Bells Milk Bar started out as a small confectionary store called ‘F. Fenton Confectioner’ in 1892. The original building was situated on the same site that Bells now occupies. Frederick Fenton was also a cordial maker. At some point, Mr Fenton hired John Joseph Longman as his apprentice.
By 1908, Fenton had expanded and was managing another store the Duff Street Shops, and Longman was left in charge of the Patton Street store. When he passed on, Fenton left the business to Longman.
Les Bell’s mother, Minnie Pearl Davis joined the business in 1903, as an apprentice cordial maker, and later married Mr Longman.
Minnie Pearl had three children to Longman: Eric, Robert and Eunice. In 1917 Longman was killed in France in the First World War, leaving Minnie Pearl to run the shop on her own.
Although she remarried on the 7th March 1923 to Les Bell, a toolmaker on the South Mine, Minnie Pearl was the true pioneer of Bells, running the shop solo as Old Les continued working on the mine.
At a time in history when women were far from raising a corporate kafuffle, Minnie Pearl showed remarkable levels of customer service. One story of Minnie’s commitment to the store mentions her practice for closing. Legend has it that she would stand out in the street until it was devoid of a single soul before closing; Thus ensuring that no one was ever denied the opportunity to purchase one last special Bells drink.
The ‘Milk Bar” first appeared in Australia around 1936 in Sydney. Though “Pearly Bells” as it became to be known, was already an old soda fountain shop of much renown, council records indicate a major re-development of the shop in 1938. This would have most likely been when it first became ‘Bells Milk Bar’.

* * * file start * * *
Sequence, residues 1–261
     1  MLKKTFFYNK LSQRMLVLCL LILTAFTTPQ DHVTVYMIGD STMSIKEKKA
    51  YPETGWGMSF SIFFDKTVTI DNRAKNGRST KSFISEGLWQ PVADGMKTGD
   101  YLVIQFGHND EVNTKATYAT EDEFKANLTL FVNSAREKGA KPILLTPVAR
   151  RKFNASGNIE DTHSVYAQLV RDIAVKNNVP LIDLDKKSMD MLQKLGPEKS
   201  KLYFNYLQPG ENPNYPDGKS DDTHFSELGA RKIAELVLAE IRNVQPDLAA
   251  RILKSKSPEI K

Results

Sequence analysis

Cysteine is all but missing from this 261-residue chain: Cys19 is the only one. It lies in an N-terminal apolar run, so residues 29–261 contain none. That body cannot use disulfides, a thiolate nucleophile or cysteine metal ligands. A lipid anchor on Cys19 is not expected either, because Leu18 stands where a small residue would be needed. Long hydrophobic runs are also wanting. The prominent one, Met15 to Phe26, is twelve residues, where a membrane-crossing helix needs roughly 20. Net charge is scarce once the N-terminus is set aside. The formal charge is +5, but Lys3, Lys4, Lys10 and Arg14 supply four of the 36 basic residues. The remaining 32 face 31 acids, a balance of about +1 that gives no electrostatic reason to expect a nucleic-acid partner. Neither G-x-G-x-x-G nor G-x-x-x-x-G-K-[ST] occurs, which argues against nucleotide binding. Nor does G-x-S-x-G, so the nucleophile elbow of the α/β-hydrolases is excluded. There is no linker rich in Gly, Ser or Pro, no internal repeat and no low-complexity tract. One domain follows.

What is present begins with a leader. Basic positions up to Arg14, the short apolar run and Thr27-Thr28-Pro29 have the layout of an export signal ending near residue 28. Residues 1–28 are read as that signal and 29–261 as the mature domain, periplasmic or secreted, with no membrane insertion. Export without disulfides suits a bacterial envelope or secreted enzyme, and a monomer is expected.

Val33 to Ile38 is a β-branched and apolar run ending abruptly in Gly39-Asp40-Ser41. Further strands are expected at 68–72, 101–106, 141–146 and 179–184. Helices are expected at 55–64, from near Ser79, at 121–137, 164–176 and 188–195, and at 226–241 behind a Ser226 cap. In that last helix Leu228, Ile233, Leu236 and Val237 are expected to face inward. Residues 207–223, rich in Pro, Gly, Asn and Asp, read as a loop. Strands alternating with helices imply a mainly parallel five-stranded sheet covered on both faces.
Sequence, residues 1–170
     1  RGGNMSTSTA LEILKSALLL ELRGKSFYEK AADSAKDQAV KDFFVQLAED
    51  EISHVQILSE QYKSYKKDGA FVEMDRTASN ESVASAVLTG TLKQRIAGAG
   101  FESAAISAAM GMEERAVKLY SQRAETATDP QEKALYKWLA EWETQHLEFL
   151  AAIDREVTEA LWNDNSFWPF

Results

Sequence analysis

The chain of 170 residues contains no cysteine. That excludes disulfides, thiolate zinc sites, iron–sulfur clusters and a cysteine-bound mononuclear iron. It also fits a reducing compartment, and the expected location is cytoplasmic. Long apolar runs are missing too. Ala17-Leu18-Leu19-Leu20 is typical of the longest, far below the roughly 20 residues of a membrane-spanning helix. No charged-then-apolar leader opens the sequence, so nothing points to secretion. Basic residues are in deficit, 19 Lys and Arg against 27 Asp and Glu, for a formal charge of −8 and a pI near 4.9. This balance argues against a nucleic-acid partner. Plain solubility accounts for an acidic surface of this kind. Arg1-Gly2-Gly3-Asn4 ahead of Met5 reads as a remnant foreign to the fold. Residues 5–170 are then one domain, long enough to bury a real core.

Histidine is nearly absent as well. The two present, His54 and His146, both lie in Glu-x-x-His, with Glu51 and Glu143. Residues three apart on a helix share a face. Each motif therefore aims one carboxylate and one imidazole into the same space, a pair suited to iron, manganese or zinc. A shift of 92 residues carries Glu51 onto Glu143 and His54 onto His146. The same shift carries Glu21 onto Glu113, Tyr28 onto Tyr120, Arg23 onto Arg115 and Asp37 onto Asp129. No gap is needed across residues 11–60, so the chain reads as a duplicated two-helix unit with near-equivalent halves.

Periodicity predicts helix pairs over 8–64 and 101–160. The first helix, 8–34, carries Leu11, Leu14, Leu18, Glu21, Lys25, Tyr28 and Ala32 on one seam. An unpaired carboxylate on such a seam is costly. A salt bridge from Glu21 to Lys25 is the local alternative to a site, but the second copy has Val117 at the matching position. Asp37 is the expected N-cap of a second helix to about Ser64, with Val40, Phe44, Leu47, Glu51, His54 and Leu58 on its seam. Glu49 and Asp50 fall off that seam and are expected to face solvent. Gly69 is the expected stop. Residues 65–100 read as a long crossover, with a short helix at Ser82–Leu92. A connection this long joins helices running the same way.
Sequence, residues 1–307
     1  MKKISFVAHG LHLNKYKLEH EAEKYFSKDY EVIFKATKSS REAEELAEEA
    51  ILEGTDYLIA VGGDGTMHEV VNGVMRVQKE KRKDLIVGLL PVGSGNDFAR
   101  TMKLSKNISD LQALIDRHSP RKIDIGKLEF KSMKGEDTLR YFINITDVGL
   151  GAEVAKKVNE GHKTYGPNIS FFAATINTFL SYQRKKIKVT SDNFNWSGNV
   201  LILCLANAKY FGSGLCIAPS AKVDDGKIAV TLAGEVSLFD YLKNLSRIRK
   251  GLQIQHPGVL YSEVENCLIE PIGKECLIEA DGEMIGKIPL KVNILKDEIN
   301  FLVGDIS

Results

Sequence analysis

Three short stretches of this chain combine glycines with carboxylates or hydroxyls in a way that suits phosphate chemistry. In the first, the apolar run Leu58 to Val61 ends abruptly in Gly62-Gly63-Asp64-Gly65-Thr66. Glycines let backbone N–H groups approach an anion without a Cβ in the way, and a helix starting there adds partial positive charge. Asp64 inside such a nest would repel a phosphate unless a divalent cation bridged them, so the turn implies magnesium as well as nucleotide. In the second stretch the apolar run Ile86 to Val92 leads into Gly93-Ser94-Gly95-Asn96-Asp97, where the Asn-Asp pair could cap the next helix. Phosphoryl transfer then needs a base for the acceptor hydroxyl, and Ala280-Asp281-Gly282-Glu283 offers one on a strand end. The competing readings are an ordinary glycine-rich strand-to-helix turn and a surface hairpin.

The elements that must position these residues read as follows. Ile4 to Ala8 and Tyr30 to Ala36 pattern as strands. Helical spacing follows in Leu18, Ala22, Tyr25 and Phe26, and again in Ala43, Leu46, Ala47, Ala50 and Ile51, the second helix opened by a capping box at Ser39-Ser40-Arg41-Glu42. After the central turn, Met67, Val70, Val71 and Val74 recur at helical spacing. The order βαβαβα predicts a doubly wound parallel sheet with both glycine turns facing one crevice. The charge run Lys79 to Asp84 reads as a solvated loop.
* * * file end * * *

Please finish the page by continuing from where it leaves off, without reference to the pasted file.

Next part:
As well as enjoying the atmosphere of the shop even back then, people came to taste Pearly Bell’s delicious drinks like the Green Lime or Ginger Beer Spider and Vanilla Malt Milkshake.
Pearly’s fourth child, Les Bell Junior, inherited Bells Milk Bar in 1953, when his mother retired and moved to Adelaide to live with her daughter, Eunice. In the proud Bells tradition, Mavis Bell continued the ‘doll-faced’ appearance adding a beehive hairstyle too. (It is said that Mavis was the first ‘outsider’ to ever work in Bells). The fifties saw Broken Hill thrive. The population was almost double that of today and Bells Drinks were in high demand, particularly over the sweltering Broken Hill summers. The fifties and sixties live on in Bells Milk Bar. After only 3 years as owners of the shop, Les and Mavis conducted dramatic renovations. Art Deco architecture meets the Jetson’s-style ‘Dancing Fruit & Aliens’ interior murals and the originality of the place is in tact. This version of Bells is still architecturally stylish today, and was ahead of it’s time in the mid 1950’s.
The 1950’s were the age of consumerism and everything was newer, bigger, and better. Les Bell was a perfectionist. He took his mother’s old recipes of the late 19th century and added the 1950’s ingredients to modernise them. The result can still be tasted today – the drinks served here are made from Les Bell’s famous secret recipes which he adapted from his mother’s old fashioned recipes. They taste ‘out of this world’ and are a fine example of the benefit of retaining the old traditions like small batch handmade syrups.
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